Regarding the demand model, the origin–destination matrix was estimated by a gravity model based on population density and was related to the number of vehicles on an average hourly and an average daily basis. This matrix was calibrated and updated using information of recent traffic counts along a set of edges. The study area was divided into 37 zones. Every internal centroid corresponded on average to an area of 15 km2 with a population of about 1000.

To reduce computational complexity, only changes in route choices were considered within the risk assessment (i.e., travel demand was assumed to be inelastic). This was deemed a reasonable assumption as a large majority of the travel demand was caused by trips to work, which are made under normal circumstances. Therefore, changes in destination choices, mode choices, or trip frequencies were not considered. Moreover, it was assumed that the duration of network closures was long enough for all travelers to be aware of them so that a new user equilibrium could be reached.


A time series of routable network graphs that can be used for traffic assignment.


(i) A time series of traffic flow and travel time for each edge in the network, (ii) a time series of missed trips in the network, and (iii) a time series of damaged bridges and road sections that caused loss of connectivity.

3.3.10 Restoration

Once the discharge values along the river returned to normal conditions and no further damages to objects could occur, the impaired network was restored. A basic restoration model simulated this procedure (an improved version of the work of Lam and Adey2016). The prioritization of restoration activities was done by first restoring objects that caused loss of connectivity, and then restoring objects based on their average traffic volume (i.e., the average daily traffic volume for each object under normal conditions). It was assumed that 10 reconstruction crews could work simultaneously and each crew could at most be assigned to one object. For each day until the restoration was finished, the model updated the objects' states and executed the traffic model described to support the estimation of indirect costs during the restoration period. The restoration process ended once the network was completely restored.


(i) Time series of the expected capacity reduction during restoration intervention and restoration times [h] for bridges with scoured piers, inundated road sections, and mud-blocked road sections; and (ii) a time series of damaged bridges and road sections that caused loss of connectivity.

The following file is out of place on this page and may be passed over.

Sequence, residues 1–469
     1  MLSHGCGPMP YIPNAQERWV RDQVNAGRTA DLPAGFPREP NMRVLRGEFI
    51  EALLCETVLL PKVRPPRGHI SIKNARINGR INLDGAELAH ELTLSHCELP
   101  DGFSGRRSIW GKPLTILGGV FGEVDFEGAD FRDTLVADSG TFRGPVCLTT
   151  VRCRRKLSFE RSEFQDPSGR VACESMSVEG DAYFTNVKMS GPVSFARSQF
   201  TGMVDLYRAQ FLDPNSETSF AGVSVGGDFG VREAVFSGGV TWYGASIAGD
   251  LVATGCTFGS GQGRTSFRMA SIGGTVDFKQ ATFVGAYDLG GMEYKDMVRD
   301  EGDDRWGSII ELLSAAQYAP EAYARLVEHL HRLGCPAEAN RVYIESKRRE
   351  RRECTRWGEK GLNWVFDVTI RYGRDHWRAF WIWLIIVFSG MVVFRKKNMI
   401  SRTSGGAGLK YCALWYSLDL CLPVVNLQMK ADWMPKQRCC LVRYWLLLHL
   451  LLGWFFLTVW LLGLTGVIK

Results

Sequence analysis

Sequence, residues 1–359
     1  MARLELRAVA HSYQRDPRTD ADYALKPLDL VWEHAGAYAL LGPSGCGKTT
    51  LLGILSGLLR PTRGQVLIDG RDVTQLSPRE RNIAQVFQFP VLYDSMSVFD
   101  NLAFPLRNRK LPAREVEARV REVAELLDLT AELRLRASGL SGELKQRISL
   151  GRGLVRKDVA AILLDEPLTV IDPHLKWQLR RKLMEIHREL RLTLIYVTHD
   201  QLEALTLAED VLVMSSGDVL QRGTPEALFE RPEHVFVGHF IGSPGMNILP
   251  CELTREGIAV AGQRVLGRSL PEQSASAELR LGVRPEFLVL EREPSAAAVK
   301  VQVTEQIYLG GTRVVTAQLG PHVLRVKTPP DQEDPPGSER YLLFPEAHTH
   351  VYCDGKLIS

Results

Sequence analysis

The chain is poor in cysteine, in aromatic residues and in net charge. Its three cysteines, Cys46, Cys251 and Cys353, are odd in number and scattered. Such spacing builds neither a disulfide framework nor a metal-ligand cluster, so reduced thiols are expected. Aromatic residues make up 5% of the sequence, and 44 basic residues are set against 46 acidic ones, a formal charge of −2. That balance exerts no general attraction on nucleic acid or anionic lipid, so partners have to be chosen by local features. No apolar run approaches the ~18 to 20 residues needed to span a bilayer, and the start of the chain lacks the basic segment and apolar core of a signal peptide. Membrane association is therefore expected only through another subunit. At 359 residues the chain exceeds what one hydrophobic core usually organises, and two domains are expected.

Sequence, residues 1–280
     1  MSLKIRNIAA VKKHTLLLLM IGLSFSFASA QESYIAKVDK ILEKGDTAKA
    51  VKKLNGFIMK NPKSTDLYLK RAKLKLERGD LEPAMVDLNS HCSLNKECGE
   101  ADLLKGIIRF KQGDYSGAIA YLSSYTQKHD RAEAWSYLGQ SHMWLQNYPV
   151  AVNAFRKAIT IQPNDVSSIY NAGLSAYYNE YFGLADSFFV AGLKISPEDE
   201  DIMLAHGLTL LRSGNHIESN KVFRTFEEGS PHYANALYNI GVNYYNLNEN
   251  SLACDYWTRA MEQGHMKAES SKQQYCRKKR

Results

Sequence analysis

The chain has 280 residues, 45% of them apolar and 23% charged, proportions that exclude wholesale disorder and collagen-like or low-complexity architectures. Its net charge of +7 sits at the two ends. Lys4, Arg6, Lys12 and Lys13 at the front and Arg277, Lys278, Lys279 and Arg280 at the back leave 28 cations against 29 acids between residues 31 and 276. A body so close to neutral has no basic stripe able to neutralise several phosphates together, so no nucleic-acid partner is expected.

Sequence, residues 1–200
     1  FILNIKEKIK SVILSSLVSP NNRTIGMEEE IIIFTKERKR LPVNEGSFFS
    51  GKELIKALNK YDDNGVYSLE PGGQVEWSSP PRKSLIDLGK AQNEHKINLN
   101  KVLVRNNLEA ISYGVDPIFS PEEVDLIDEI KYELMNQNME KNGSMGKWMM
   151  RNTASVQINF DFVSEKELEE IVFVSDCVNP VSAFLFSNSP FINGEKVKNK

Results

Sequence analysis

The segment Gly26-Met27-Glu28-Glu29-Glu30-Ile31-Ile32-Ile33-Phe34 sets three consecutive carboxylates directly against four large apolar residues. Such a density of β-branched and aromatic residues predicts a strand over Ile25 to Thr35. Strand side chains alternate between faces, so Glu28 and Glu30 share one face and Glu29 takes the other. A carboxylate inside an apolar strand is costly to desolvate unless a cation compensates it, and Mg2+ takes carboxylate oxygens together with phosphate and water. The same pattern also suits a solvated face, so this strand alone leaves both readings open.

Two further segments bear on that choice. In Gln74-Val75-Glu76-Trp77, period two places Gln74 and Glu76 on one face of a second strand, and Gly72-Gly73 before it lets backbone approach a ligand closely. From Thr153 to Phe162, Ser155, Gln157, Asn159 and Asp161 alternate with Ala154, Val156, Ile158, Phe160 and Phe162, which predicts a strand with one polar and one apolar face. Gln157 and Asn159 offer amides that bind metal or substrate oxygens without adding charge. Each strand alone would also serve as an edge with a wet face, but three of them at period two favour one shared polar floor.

A restoration program, defining when each damaged object is to be restored.

3.3.11 Direct and indirect costs

The direct costs were estimated to be the sum of the direct costs for each intervention to be executed during the restoration period. These costs were actually accrued during the hazard events period as bridges and road sections were impacted by the hazard events (see Sect. 3.3.12). The direct costs were composed of a fixed part (e.g., side setup) and a variable path (e.g., CHF m−3 of pavement). The direct costs associated with each damage state are given in Table 4. The indirect costs were comprised of costs for the prolongation of travel time and costs due to a loss of connectivity. These costs were accrued during the hazard events period and the restoration period. The travel time costs were estimated based on the increased amount of time vehicles spent traveling. The Swiss Association of Road and Transport Experts (VSS2009a) approximated the travel time cost per vehicle to be 23.29 CHF h−1. In addition to considering the time factor, indirect costs also accounted for the costs of vehicle operation, which were incurred as a result of fuel consumption and vehicle maintenance. Based on the estimates of VSS (2009b), the mean fuel price was approximated with 1.88 CHF L−1 with a mean fuel consumption of 6.7 L/100veh km and the operating costs per vehicle without fuel consumption was assumed to be 14.39CHF/100veh km. The costs due to a loss of connectivity were estimated based on the unsatisfied demand and the resulting costs due to missed trips. For every hour of delay of a trip, costs in the amount of 83.27 CHF were charged.


(i) A time series of the expected restoration costs [CHF] for bridges with scoured piers, inundated road sections, and mud-blocked road sections; (ii) a time series of traffic flow and travel time for each edge in the network; and (iii) a time series of missed trips in the network.


Time series of the estimated direct and indirect costs.

4 Results

The results section is organized in three subsections that present (i) the results of a single simulation run, (ii) the aggregation of results of multiple simulations with the same return period, and (iii) the results of multiple scenarios with multiple return periods.

4.1 Single scenario

Figure 7 shows the changes in a scenario due to a flood of 500 year return period. For this specific chain of events, the hazard events extended over a period of 18 h while the restoration period lasted 23 days (please note that while only two time steps are shown in this figure, the full system evolution is given in the Supplement).